April 25, 2005


The Last European Pope?: The mission of Benedict XVI. (Joseph Bottum, 05/02/2005, Weekly Standard)

A FAILING CIVILIZATION CAN'T BE argued out of its failing. It can be led, perhaps, or inspired, or converted and reformed. But argument requires the application of universal truths to the particular facts of the moment, and when a culture is tumbling downward, all its truths and facts--indeed, the whole idea of truth and fact and argument--are exactly what its people increasingly disbelieve.

Does anyone doubt that Western Europe is tumbling downward? It cannot summon the will to reproduce itself. It has aborted and contracepted its birthrate down toward demographic disaster: perhaps 1.4 children per couple across the western end of the continent, when simple replacement requires a rate around 2.1. It can discover neither how to absorb nor how to halt the waves of Islamic immigrants swamping its cities, and it has proved supine in the face of those immigrants' anti-Semitism, anti-Christianism, and even anti-Europeanism.

Meanwhile, Western Europe's economies are soft, its unemployment rates are shocking, and its emerging continent-wide government is elitist and antidemocratic. Its people are hedonists and materialists, its soccer clubs are nativist militias in waiting, its churches are empty, and--well, that's the problem Joseph Ratzinger faces, isn't it? The newly elected Pope Benedict XVI has just inherited the world's greatest pulpit, but, on his home continent at least, there's hardly anyone in the pews to listen.

He can preach to the choir, of course: After nearly three centuries of enlightened disdain for religion, Europe is about as dechristianized as it's likely to get; everyone who's going to leave the Church already has, and still there are millions of believers scattered across the continent--to say nothing of the billion or so who don't happen to live a train ride away from Rome. In all likelihood, the European Union and the national governments will soon cave in and grant their Muslim immigrants the religious exemptions those governments have consistently refused to grant Catholics. And that will prove what the Vatican claimed all the way back in its struggles with the French Revolution: The European form of Enlightenment secularism and laïcité was never some purely philosophical stand on the necessary political separation of church and state; it always began and ended with anti-Catholicism.

You'd have to think one of the main sources of the Left's anger at the choice of Pope Benedict XVI was indeed that the Church marches into the 21st Century little changed from what it was centuries ago while the secularist project in Europe (and on America's Coasts) is dying before our eyes.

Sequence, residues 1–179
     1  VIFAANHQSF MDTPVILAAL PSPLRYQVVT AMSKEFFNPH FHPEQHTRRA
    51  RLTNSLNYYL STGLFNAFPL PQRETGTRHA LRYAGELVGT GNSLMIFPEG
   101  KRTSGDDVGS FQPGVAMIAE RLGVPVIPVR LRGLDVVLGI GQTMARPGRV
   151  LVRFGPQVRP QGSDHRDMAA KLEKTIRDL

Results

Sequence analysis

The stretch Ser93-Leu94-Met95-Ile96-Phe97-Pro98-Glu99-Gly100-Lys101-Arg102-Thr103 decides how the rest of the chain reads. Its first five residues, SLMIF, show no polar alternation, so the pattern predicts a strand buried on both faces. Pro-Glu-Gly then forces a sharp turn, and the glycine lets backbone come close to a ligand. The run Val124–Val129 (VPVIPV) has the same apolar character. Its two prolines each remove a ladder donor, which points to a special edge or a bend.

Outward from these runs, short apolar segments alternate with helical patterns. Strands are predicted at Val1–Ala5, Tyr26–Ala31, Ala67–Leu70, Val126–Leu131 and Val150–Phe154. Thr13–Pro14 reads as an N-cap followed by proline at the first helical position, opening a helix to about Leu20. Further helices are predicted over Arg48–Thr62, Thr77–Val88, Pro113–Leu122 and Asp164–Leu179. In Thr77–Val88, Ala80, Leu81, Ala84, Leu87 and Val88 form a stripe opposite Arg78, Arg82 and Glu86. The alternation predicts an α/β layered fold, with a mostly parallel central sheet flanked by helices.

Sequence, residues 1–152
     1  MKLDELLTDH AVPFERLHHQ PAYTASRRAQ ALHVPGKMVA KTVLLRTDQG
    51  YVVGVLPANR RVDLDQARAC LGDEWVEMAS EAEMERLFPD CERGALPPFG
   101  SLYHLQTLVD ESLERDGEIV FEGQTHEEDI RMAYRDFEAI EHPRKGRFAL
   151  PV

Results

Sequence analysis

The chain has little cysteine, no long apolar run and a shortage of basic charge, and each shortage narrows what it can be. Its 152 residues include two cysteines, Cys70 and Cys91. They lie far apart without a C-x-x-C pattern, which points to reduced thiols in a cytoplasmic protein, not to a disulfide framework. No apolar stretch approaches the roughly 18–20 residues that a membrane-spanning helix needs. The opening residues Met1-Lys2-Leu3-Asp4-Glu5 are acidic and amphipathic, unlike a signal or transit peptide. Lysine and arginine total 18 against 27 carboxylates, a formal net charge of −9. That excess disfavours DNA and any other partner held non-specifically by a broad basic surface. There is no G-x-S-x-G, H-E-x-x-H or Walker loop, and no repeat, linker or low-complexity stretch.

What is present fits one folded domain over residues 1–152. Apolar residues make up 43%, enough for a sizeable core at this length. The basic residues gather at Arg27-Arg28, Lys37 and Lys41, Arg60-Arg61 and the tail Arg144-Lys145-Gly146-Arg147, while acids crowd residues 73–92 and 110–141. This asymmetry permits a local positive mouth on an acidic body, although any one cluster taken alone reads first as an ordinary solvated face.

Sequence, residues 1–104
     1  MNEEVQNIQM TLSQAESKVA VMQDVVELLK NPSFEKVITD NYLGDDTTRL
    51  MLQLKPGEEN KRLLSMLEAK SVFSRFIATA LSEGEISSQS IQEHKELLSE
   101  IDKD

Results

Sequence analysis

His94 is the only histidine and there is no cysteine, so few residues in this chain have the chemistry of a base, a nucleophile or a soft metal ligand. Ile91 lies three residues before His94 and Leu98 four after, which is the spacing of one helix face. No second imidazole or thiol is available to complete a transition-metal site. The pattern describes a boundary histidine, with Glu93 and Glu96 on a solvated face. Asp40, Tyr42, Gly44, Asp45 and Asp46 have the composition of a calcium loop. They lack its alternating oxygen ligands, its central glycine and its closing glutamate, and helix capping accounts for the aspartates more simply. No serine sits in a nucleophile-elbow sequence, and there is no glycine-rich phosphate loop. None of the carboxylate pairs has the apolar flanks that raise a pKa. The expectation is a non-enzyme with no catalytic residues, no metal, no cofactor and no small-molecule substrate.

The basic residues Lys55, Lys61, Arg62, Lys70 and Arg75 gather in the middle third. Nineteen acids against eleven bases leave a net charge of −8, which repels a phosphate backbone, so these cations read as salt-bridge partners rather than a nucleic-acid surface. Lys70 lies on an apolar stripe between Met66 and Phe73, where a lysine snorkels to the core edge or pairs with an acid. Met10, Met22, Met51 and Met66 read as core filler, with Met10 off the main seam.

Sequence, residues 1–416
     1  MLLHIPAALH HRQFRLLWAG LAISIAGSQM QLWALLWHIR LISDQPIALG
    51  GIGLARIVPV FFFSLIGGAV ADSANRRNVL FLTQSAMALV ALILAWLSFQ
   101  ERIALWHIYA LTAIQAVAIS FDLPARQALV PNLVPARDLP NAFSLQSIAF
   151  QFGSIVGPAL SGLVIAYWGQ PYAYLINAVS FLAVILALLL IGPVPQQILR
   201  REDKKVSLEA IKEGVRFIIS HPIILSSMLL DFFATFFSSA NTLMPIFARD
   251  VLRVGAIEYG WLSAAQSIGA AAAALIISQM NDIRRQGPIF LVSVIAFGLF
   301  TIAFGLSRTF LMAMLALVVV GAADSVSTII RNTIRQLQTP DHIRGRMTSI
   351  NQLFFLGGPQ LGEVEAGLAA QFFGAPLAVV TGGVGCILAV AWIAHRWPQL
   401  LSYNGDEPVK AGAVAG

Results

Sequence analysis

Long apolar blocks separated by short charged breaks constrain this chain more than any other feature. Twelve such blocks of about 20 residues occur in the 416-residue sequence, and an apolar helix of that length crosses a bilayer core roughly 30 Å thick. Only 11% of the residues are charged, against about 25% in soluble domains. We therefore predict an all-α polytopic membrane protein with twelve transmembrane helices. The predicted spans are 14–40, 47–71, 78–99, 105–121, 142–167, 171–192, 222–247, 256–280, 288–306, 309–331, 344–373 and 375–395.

Behind the rage at Benedict XVI (Patrick J. Buchanan, April 25, 2005, Creators Syndicate)

"Except you eat the flesh of the Son of Man, and drink His blood, you have no life in you."

Hearing Jesus' words in the synagogue at Capharnum, many of his disciples said, "'This is a hard saying, who can hear it?' ... From that time many ... walked no more with him."

This episode from the Gospel of St. John is instructive. For today, scores of millions do not believe that John Paul II taught infallibly when he condemned abortion, contraception, homosexuality and the idea of women-priests. They cannot accept church teaching as settled and final, and want it changed to reflect their own beliefs. Yet, all the modern popes, and now Benedict XVI, refuse to change doctrine to accommodate them.

Thus, the rage, resentment and frustration that the conclave chose Cardinal Ratzinger as pope. They are like children who have been told by a stern but loving father that their tantrums are to no avail and they are not going to get their way, though they have been used to getting their way for most of their pampered lives.

And so the new pope is denounced as "God's rottweiler," "der PanzerKardinal," John Paul II's enforcer and the chief inquisitor who cruelly silenced the voices of dissent after Vatican II. What the hostility of the liberal media to the selection of Cardinal Ratzinger tells us is that the conclave got it right.

The secular world, too, hoped the church would alter its doctrines to conform to a moral relativism that teaches there is no law above manmade law, and that what is right and wrong is decided by each generation. The notion that there is a higher law – God's law, permanent law – to which all manmade law and human conduct must conform is anathema.

Posted by Orrin Judd at April 25, 2005 12:00 AM
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